Lt. Francis E. Sutton is one of the many veterans from Rome, who gave his life for his country.
Sutton was a Marine aboard the sloop USS Vandalia on March 16, 1889, when it was hit by a disastrous hurricane in Samoa. He was only 29 years old.
Born on Dec. 23, 1859, Francis Eskridge Sutton was a son of Dr. Richard Eskridge and Harriet C. Green Sutton of Rome.
His father and brother were both physicians and surgeons in Rome. His sister May was a teacher, according to the 1900 census.
He was admitted to the Naval Academy from New York on June 21, 1877, at age 16. He graduated sixth in his class of 96 in 1881, and was the first Annapolis grad to enter the Marine Corps, according to the website www.findagrave.com.
According to a story in the New York Herald, after a cruise, Sutton returned to the Naval Academy for examination for promotion and passed. He was appointed a second lieutenant in the Marines. On March 9, 1888, he was promoted to first lieutenant. He was stationed at Mare Island, in California, and had just been detailed to command the Marine guard of the USS Mohican, “but the Vandalia sailing suddenly for Samoa before the arrival of her Marine officer, Lt. Sutton took his place expecting to fall in with the Mohican on the cruise.”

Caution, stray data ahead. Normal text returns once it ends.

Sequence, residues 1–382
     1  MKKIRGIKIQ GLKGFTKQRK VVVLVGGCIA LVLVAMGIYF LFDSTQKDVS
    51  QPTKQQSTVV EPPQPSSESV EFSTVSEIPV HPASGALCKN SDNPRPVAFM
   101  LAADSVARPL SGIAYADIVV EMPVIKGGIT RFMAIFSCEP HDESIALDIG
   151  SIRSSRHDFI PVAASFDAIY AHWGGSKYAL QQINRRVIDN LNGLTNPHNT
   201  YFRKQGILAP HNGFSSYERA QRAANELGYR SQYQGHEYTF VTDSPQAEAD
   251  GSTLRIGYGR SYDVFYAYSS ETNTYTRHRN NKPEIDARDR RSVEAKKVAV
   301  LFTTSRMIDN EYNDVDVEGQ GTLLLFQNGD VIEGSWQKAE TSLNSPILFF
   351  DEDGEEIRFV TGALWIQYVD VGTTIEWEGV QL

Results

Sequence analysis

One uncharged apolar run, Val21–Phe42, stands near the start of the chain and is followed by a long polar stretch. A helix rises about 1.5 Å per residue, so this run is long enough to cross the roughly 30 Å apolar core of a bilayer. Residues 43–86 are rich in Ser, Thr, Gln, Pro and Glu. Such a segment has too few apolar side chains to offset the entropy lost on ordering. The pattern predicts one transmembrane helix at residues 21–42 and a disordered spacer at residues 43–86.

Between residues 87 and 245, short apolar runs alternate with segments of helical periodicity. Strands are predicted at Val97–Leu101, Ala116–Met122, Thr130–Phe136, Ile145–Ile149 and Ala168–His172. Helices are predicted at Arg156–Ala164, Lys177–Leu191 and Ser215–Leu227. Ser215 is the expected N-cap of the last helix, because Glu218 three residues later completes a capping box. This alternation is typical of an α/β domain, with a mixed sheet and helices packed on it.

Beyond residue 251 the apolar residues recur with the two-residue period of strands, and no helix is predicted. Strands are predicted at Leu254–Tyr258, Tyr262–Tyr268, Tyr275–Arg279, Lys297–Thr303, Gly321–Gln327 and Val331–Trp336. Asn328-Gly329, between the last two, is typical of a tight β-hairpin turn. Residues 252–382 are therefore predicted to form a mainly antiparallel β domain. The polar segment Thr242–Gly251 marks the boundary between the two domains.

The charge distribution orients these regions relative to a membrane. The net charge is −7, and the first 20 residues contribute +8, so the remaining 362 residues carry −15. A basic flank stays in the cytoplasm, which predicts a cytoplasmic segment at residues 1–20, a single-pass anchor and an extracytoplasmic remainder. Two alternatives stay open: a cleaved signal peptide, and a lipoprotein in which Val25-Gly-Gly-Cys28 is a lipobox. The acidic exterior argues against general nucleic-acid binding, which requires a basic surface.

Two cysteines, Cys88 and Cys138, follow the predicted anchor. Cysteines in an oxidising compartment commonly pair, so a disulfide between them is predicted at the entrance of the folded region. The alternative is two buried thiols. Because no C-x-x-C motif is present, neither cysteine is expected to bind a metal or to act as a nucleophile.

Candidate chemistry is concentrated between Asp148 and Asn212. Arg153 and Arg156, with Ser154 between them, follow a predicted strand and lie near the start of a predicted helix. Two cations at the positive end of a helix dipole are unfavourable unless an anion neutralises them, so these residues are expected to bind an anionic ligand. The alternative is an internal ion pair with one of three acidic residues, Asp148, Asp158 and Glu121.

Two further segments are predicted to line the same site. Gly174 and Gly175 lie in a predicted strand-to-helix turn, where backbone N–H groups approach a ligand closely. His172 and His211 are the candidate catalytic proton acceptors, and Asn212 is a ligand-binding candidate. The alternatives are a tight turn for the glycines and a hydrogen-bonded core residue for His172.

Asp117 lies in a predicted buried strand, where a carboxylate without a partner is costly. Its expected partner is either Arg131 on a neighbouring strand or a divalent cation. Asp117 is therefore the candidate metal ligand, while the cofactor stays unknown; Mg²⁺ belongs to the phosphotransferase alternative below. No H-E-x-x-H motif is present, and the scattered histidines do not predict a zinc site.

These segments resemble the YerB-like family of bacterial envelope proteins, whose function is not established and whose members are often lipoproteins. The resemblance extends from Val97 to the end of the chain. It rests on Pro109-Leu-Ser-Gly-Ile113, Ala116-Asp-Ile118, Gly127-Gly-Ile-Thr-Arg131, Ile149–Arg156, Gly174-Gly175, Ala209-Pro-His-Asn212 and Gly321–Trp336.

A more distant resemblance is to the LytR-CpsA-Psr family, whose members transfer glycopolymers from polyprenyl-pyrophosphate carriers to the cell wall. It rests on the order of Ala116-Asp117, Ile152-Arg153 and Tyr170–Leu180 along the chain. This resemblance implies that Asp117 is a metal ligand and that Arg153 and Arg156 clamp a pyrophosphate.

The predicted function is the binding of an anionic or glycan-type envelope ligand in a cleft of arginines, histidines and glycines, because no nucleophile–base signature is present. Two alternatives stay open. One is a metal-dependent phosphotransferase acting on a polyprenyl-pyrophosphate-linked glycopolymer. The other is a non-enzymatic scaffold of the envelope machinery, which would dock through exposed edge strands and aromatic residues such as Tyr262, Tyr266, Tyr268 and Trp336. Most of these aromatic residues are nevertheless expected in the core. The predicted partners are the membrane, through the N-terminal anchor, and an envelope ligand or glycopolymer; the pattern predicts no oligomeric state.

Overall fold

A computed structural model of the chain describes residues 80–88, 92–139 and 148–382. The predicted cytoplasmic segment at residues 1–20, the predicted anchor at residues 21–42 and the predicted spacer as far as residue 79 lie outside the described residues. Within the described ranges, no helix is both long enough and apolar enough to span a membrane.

Sutton was lost when the USS Vandalia was wrecked in a cyclone on March 16, 1889, its bottom torn out on a reef. Forty-two other officers and men were also lost. The ship Vandalia carried a crew of 200. One of the survivors was Navy Cadet John A. Lejeune, a future major general, the 13th Commandant of the U.S. Marine Corps and namesake of Marine Corps Base Camp Lejeune, N.C.
Other ships were also sunk by the hurricane in the harbor.
According to one report, Sutton “valiantly” tried to save the Vandalia during the storm. Lejeune survived by clinging to the Vandalia’s sunken rigging until he could escape via another sinking ship.
The New York Herald reported that, at “the Navy Department, Lt. Sutton is regarded as having been one of the brightest and most intelligent officers of the Marine Corps and his loss is greatly deplored.”
Sutton is buried in Rome Cemetery. His grave marker states: ”Lost in a hurricane with the USS ship Vandalia in Apia Bay, Samoa.”
This column was written by Chip Twellman Haley, retired Daily Sentinel news editor, utilizing the Rome Historical Society archive. Comments, old photos, suggestions for future columns or guest columns may be emailed to: email@example.com. Copies of the books “Rome Through Our History, Volumes I and II,” collections of some of Haley’s columns, may be purchased from the Rome Historical Society.
The Rome Historical Society, 200 Church St., is temporarily closed until further notice, due to COVID. Go online at www.romehistoricalsociety.org, visit their Facebook page, or call 336-5870 for more information.